Both providers and suppliers identify expectations for savings from supply chain performance as the highest-ranked trend. All are challenged to reduce costs and to understand the ways that supply chain can bring value to patients, as well as to the companies bringing products to the marketplace. There is a systematic examination of supply chain performance functions, including purchasing, distribution and information management, with a renewed eye on in-source vs. outsource decisions. For those hospitals and suppliers that have undergone mergers and acquisitions, one of the first places looked for savings is the supply chain. While price remains important, much of the focus is on the inordinate cost of supply chain management operations functions. Additional savings are being sought from the better understanding of clinical processes and the extent to which products contribute to outcomes -- placing pressure on hospital supply chain executives to improve their ability to engage clinicians as trusted partners. Savings achieved from eliminating unnecessary products drop immediately to the bottom line. And the ability to achieve supply base reduction contributes to provider opportunities to negotiate with suppliers and supplier willingness to work closely with hospitals.
Supply Chain Integration is the degree to which an organization "collaborates with its supply chain partners and collaboratively manages inter and intra-organizational processes to achieve effective and efficient flows of products and services, information, money and decisions to provide maximum value to the customer."
For providers, integration is challenged by the supply-related differences within and between specialty services, as well as a lack of investment in technologies that track and help to manage supplies across the organization. Interestingly, the prominence of unique device identification (UDI) as an integrative foundation does not seem to persist. Yet, the integration of supply chain and clinical data is important to both suppliers and providers. From a provider perspective, the failure of senior management to position supply chain as a key integrator across the organization remains an important integration barrier. From both a provider and supplier perspective, the lack of trust at both the organizational level and the interpersonal levels acts as a barrier to integration. Suppliers frequently approach their provider customers at multiple service points -- with no one individual acting as an interface across services -- and the provider organization does not have an entity that resembles a "buying center."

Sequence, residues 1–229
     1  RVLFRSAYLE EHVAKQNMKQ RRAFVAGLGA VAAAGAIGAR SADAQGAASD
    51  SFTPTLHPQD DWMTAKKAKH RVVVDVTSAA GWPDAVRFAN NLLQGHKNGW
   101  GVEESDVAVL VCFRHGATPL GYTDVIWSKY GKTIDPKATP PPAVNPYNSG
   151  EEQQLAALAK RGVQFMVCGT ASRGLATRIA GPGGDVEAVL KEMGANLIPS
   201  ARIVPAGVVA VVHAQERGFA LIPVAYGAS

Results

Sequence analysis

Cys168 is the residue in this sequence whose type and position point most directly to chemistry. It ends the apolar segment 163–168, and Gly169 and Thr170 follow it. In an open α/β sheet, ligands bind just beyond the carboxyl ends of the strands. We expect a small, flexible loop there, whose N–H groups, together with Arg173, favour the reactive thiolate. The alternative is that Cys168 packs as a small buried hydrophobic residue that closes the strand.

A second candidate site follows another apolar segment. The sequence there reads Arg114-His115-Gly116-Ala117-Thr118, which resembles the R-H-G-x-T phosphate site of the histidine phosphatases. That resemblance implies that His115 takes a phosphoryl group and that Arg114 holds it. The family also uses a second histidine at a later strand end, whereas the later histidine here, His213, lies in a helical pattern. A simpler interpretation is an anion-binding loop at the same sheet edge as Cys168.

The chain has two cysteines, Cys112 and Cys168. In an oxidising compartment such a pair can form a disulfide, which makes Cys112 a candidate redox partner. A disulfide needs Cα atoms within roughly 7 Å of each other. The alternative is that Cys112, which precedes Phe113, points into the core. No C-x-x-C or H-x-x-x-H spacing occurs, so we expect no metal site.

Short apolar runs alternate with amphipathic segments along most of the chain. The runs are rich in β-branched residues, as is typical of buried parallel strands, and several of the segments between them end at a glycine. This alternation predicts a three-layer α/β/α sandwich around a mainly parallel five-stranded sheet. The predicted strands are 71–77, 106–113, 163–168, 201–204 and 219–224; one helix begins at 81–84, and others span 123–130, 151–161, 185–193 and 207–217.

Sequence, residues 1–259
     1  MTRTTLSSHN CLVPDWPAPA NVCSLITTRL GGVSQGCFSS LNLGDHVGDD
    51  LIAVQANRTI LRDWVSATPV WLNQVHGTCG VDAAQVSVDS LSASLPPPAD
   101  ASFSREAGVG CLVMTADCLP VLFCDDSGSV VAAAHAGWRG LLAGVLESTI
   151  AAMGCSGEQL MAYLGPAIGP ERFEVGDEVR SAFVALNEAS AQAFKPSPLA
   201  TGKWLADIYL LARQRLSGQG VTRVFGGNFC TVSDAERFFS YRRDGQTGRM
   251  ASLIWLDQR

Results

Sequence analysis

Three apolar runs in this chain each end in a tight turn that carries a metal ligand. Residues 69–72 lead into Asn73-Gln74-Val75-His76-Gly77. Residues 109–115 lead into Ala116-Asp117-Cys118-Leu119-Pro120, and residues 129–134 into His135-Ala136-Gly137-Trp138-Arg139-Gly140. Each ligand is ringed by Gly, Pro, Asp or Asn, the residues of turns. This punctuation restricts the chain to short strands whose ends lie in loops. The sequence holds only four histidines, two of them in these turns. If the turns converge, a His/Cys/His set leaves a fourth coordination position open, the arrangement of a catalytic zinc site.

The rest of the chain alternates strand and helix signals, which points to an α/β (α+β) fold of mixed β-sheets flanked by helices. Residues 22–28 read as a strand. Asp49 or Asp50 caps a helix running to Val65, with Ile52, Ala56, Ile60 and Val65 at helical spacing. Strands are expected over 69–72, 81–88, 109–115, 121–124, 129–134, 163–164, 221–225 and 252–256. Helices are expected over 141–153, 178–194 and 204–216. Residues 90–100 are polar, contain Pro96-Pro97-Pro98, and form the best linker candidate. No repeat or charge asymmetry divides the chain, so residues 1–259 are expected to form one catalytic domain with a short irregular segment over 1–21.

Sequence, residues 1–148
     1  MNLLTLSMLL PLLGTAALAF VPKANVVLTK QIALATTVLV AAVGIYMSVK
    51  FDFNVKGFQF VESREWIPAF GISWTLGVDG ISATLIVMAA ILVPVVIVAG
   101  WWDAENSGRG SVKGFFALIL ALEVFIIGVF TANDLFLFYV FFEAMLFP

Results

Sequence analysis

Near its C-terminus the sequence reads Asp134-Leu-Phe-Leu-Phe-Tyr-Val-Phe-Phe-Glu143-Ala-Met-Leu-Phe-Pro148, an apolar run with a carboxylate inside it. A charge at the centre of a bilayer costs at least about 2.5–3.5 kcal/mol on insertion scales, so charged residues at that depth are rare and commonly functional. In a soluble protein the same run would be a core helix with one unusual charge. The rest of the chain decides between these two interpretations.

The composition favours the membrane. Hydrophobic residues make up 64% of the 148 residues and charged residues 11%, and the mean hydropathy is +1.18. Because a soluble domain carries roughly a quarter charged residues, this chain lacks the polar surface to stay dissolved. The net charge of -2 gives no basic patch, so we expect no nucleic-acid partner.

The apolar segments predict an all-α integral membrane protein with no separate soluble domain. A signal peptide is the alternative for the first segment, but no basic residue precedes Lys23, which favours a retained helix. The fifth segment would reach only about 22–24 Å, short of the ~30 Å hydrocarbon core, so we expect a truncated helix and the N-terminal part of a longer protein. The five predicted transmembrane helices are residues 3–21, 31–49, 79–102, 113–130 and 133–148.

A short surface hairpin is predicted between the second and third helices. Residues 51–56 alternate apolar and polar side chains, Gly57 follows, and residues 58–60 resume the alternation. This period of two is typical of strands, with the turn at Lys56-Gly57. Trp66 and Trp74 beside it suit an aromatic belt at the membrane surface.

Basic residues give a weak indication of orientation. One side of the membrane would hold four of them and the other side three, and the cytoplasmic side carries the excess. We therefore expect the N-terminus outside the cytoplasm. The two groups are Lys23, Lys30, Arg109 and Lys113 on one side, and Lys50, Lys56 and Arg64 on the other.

Physician engagement continues as an integration item trend since 2009 and is a highly agreed-upon issue. The concern is no longer simply about physician preference item compliance, but addressing a new set of challenging questions relating to clinician integration to meet the challenges of accountable care, achieving economic goals in an era of new payment schemes (e.g., bundled payments) and adherence to evidence-based practices. Strategies for physician engagement remain uncertain. For example, physician employment has been thought to drive physician engagement, as has participation in gain-sharing arrangements. However, there is little evidence that employment is uniquely associated with a higher level of clinical and economic integration, nor evidence for the sustained value of gain-sharing to achieve integration.